Houston take out of comfort zone, slowed down in Game 2

The San Antonio Spurs respond in Game 2, slow down the Houston Rockets and their shooting.

Your turn, my turn, imbued the San Antonio Spurs as they blew out the Houston Rockets in Game 2. In 72 hours, the Rockets went from a 26-point win to a 25-point loss.

But how? Houston looked like a sawed-off howitzer just less than two days ago, where they pilloried the Spurs with 50 3-pointers, making 22 of them. James Harden and Co. shot 17 of those attempts early in the shot-clock; 12 of which was put up while the shot-clock had 18, or more, seconds remaining, according to NBA.com/Stats; which means that a decent share of Houston’s long-balls came in transition or semi-transition.

One thing we’ve learned about basketball and the 3-pointer, in particular, is, that it’s not always about how many hits your opponent lands, but how many you allow your opponent to take. The best 3-point defense is to limit your opponent's attempts — especially the easy ones. And that’s what the Spurs did.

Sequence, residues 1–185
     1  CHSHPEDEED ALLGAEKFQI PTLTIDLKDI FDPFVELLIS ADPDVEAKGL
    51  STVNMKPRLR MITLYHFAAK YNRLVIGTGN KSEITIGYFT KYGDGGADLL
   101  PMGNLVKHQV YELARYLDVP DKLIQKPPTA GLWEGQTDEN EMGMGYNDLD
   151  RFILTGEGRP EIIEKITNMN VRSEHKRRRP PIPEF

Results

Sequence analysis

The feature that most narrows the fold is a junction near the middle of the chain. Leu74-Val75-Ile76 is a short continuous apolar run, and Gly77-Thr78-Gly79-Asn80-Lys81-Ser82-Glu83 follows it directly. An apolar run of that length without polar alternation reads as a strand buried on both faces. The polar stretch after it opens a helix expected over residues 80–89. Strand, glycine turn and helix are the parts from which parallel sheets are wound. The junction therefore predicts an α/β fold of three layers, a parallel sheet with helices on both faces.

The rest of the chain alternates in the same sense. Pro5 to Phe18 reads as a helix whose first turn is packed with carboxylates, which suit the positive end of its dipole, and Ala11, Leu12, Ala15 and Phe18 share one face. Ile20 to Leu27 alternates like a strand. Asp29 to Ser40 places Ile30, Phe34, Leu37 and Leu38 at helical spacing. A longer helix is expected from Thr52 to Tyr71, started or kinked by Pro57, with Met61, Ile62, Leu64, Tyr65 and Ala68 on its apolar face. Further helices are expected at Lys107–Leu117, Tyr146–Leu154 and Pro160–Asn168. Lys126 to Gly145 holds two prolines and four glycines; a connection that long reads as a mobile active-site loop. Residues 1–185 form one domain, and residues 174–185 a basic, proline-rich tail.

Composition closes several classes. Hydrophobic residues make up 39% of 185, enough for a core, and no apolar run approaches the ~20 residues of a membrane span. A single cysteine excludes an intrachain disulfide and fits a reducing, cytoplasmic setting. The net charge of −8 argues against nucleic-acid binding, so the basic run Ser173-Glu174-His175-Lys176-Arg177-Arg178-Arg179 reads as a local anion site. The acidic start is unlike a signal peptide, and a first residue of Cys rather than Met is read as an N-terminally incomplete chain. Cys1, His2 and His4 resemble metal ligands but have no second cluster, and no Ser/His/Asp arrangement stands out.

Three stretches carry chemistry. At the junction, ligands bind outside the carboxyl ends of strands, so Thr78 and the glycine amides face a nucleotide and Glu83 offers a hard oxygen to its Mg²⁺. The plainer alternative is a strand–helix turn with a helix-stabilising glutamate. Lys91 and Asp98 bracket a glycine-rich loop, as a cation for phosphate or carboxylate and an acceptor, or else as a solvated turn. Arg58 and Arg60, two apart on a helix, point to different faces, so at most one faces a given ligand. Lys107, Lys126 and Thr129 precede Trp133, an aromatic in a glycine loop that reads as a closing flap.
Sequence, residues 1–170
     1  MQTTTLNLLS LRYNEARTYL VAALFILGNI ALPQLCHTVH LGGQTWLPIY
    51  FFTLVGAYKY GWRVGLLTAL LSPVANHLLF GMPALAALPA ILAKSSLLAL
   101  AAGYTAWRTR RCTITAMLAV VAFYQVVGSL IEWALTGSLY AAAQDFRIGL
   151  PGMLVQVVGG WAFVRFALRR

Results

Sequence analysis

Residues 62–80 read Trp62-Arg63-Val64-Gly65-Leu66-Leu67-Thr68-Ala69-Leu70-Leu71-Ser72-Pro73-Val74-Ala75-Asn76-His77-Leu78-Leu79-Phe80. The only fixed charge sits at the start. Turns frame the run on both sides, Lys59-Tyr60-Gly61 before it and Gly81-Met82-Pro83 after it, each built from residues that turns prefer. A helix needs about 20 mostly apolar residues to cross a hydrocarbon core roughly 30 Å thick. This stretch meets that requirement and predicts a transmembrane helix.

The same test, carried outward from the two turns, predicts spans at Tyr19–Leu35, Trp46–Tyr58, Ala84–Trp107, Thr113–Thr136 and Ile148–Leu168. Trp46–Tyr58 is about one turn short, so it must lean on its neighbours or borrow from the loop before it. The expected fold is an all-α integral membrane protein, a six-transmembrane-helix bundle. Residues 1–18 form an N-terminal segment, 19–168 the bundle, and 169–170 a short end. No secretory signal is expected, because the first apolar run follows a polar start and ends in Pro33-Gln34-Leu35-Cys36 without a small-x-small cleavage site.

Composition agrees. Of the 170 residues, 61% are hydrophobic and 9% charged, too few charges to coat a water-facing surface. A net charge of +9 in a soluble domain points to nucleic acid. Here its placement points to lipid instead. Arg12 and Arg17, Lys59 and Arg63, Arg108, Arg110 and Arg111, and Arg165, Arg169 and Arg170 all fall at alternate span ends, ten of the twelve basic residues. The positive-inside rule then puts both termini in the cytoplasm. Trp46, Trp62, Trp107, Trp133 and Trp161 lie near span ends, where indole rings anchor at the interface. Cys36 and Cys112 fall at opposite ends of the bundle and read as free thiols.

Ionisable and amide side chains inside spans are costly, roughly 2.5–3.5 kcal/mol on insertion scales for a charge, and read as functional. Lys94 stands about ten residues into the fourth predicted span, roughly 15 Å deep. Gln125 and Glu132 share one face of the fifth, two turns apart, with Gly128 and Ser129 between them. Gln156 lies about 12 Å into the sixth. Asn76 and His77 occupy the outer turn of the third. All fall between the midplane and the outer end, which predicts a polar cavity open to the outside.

In the first half of Game 1, the Rockets launched 27 triples. In Game 2, they finished with 34. Part of that was the Spurs making shots in Game 2, as obvious as it sounds. The Spurs shot 54.5 percent in Game 2 versus 36.9 percent in Game 1, where they missed 53 out of their 84 shots. When San Antonio misses that many shots, they enable the Rockets to get out in transition. The Rockets are averaging a playoff second-best 1.19 points per possession after missed field goals, per inpredictable.com — you know, the type of possession that San Antonio gave them 53 of in Game 1?

Canning some shots gave the Spurs more time to stymie Houston’s pace-pushing style, putting a cap on the amount of offense the Rockets could produce. Pau Gasol doing his best Rudy Gobert protection at the rim helped, too. 

Through all of Harden’s hell-bent conducting in Game 1, the Rockets accrued 27 fast-break points. The Spurs limited them to four — yes four — in Game 2.

The Spurs took the second battle, but the war rages on. Look for Houston coach Mike D’Antoni to try and pick up the pace and shot attempts in Game 3. And look for Gregg Popovich to try and stop him.

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